• Replies: @EliteCommInc.

    Lois Gold wrote SUCH GOOD FRIENDS, made into a movie by Otto Preminger.

    It shows a lot about the change in sexual mores that led to current problems. Now we have 50 shrieks of grey.

  79. @EliteCommInc.

    Numbers aren’t the sole definition of war. Just because blacks aren’t very good at prosecuting their war on police doesn’t mean they aren’t at war with the police.

  80. @Hank Rearden

    I was fairly specific about why I made the reference I did.

    I cannot and will not speak for the gentleman in question. Suffice it to say, he is entitled to engage in protests as a US citizen. He is even entitled to use animal references about members of law enforcement as has been done since law enforcement has existed in this country.

    But the decreased in attendance has very little to do with players taking a knee. It’s probably the growing acceptance that the sort causes brain damage regardless of a players skin color. Millions of parents are suddenly questioning the risks . . .

    No comment on is more telling than that of Dodgers player Jackie Robinson (US Army Lt.).

    “Today, as I look back on that opening game of my first world series, I must tell you that it was Mr. Rickey’s drama and that I was only a principal actor. As I write this twenty years later, I cannot stand and sing the anthem. I cannot salute the flag; I know that I am a black man in a white world. In 1972, in 1947, at my birth in 1919, I know that I never had it made.”

    For some people, dignity has no price.

    • Replies: @Hank Rearden
  81. Eagle Eye says:
    @Hank Rearden

    It seems I slightly misremembered long-ago research on this. Based on a cursory search, it appears that technically, truth of the statement is still a defense.

    However, the defendant has to prove the truth of his statement which in many cases is impossible. (How do you prove that politician X accepted a quid pro quo in return for mysteriously changing her vote on an important project?)

    As noted, U.S. law makes it very difficult for a “public figure” to sue successfully for libel. This is as it should be – any other rule would create an elite with the power to hush up unpleasant truths through the threat of libel actions.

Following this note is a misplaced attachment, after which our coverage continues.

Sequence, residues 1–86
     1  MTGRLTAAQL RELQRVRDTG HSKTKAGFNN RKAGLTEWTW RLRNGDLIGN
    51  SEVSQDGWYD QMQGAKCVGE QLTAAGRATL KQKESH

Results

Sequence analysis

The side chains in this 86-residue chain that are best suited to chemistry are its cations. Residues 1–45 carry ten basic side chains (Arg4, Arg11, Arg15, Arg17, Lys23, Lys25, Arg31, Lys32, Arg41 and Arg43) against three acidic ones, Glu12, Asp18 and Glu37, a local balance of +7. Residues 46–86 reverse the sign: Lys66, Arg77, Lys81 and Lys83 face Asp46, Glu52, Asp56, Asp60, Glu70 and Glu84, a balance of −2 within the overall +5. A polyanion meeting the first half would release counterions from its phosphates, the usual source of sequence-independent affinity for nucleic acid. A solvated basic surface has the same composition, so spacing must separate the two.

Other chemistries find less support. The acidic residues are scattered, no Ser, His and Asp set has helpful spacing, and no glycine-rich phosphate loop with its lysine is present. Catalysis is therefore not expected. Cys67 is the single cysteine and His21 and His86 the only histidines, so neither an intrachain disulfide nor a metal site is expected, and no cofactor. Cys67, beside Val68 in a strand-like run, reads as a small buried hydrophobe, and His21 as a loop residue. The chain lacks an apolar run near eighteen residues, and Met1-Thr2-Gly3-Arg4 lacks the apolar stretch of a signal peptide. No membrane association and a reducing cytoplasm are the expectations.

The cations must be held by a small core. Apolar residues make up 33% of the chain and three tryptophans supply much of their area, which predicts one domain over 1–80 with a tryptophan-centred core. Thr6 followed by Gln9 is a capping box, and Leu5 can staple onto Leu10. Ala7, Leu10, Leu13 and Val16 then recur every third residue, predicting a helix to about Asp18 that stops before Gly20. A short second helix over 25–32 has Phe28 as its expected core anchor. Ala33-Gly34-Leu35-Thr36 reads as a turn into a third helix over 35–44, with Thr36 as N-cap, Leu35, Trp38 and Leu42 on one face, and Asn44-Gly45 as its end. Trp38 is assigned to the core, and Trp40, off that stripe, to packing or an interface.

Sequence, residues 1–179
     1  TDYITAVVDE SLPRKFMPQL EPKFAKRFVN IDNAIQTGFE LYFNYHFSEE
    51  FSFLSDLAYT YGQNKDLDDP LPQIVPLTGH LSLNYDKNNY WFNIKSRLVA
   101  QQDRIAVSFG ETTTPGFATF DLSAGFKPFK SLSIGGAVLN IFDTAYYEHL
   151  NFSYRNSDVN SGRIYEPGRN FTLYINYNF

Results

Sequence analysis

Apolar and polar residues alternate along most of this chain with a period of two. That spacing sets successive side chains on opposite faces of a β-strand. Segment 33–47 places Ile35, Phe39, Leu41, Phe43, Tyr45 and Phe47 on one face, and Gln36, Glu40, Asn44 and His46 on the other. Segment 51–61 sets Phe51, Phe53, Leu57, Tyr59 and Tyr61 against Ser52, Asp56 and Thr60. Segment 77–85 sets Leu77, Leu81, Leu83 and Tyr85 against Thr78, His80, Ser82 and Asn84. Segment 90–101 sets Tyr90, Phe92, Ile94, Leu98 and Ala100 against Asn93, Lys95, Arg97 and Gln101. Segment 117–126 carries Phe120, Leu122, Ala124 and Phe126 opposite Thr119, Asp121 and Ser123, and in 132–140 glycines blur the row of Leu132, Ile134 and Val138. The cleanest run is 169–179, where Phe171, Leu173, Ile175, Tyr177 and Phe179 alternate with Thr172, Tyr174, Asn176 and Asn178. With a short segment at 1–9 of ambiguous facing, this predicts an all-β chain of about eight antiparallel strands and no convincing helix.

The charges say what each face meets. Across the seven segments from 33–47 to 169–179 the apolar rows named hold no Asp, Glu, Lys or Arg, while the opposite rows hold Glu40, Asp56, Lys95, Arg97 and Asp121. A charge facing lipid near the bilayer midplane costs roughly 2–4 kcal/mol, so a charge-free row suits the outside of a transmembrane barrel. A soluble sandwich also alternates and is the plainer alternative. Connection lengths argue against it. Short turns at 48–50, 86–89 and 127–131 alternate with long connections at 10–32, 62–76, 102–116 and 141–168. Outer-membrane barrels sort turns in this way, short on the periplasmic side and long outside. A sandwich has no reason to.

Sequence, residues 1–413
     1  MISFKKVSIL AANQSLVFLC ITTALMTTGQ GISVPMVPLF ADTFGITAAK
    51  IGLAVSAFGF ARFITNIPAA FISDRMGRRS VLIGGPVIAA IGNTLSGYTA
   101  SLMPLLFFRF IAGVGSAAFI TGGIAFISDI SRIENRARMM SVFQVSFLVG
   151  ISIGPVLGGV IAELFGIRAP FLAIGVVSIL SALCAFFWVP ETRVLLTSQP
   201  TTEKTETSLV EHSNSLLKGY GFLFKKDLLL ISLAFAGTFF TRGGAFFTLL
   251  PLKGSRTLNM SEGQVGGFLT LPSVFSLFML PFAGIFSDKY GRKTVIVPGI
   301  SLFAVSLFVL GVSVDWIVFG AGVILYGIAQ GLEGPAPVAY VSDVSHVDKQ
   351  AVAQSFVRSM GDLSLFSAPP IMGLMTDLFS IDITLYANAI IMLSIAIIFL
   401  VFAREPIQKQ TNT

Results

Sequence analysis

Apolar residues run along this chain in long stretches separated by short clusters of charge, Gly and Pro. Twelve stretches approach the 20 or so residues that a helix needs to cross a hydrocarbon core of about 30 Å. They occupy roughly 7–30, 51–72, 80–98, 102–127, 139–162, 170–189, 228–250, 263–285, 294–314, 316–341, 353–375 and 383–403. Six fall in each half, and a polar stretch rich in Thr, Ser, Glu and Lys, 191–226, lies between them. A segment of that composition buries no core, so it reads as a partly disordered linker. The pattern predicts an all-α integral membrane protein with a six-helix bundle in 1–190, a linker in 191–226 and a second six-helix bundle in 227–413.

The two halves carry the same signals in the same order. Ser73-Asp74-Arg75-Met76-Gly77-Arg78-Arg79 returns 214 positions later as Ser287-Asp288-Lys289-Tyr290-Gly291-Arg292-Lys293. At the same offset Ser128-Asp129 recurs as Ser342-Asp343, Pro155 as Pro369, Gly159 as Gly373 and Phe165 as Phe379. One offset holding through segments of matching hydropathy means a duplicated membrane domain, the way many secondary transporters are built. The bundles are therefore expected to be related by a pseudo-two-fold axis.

82. I think my point was made and the reference to who was being killed in referenced to war makes it clear — the police are not significant targets.

    From a sociological perspective, from historical data set, yikes!!!! I am not sure why any person much-less a white person would want to engage in that discussion. For the evidence is mountains in support of a case that blacks have been on the defense. in every category: criminal justice, financials, employment, education, housing, faith and practice . . .

    Goodness, I am not going to make a case that pits me against blacks who for two hundred years had to fight to fight for the country and routinely had to meet a much higher standard. . . that’s a loop to loop counter intuitive, I am going to avoid.

    As for the gentleman in question, I cannot speak for him, but I am certainly not going to challenge his right to hold views of officers that have been around since there was law enforcement about untoward police conduct in the US. Here’s a comment by by Dodger’s player,

    “Today, as I look back on that opening game of my first world series, I must tell you that it was Mr. Rickey’s drama and that I was only a principal actor. As I write this twenty years later, I cannot stand and sing the anthem. I cannot salute the flag; I know that I am a black man in a white world. In 1972, in 1947, at my birth in 1919, I know that I never had it made.” US Army Lt. Jackie Robinson

    For some people, dignity has no price.

    Most blacks are probably just relieved for a break from Mr Cosby’s woes with members of the opposite sex.

  83. theMann says:

    Perhaps this is tangential to a thoughtful article, but

    1. Film aint art.

    2. Anybody who thinks Louis C. K. is funny has their head so far up their a$$ they can self examine their molars.